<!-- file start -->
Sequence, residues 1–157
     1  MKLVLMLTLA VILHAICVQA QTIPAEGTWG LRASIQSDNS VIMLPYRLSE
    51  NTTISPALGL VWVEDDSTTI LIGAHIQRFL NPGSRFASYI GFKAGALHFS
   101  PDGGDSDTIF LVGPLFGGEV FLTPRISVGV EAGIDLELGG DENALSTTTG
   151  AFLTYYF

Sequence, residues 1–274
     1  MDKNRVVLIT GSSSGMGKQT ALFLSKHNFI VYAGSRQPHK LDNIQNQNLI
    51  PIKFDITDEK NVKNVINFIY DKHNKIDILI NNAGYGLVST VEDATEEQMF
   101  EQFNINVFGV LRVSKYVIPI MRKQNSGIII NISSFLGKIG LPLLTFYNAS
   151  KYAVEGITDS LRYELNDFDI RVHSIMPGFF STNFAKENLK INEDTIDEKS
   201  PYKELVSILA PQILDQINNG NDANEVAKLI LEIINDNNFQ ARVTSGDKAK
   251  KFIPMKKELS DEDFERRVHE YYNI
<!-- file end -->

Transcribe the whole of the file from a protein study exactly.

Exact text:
Sequence, residues 1–157
     1  MKLVLMLTLA VILHAICVQA QTIPAEGTWG LRASIQSDNS VIMLPYRLSE
    51  NTTISPALGL VWVEDDSTTI LIGAHIQRFL NPGSRFASYI GFKAGALHFS
   101  PDGGDSDTIF LVGPLFGGEV FLTPRISVGV EAGIDLELGG DENALSTTTG
   151  AFLTYYF

Sequence, residues 1–274
     1  MDKNRVVLIT GSSSGMGKQT ALFLSKHNFI VYAGSRQPHK LDNIQNQNLI
    51  PIKFDITDEK NVKNVINFIY DKHNKIDILI NNAGYGLVST VEDATEEQMF
   101  EQFNINVFGV LRVSKYVIPI MRKQNSGIII NISSFLGKIG LPLLTFYNAS
   151  KYAVEGITDS LRYELNDFDI RVHSIMPGFF STNFAKENLK INEDTIDEKS
   201  PYKELVSILA PQILDQINNG NDANEVAKLI LEIINDNNFQ ARVTSGDKAK
   251  KFIPMKKELS DEDFERRVHE YYNI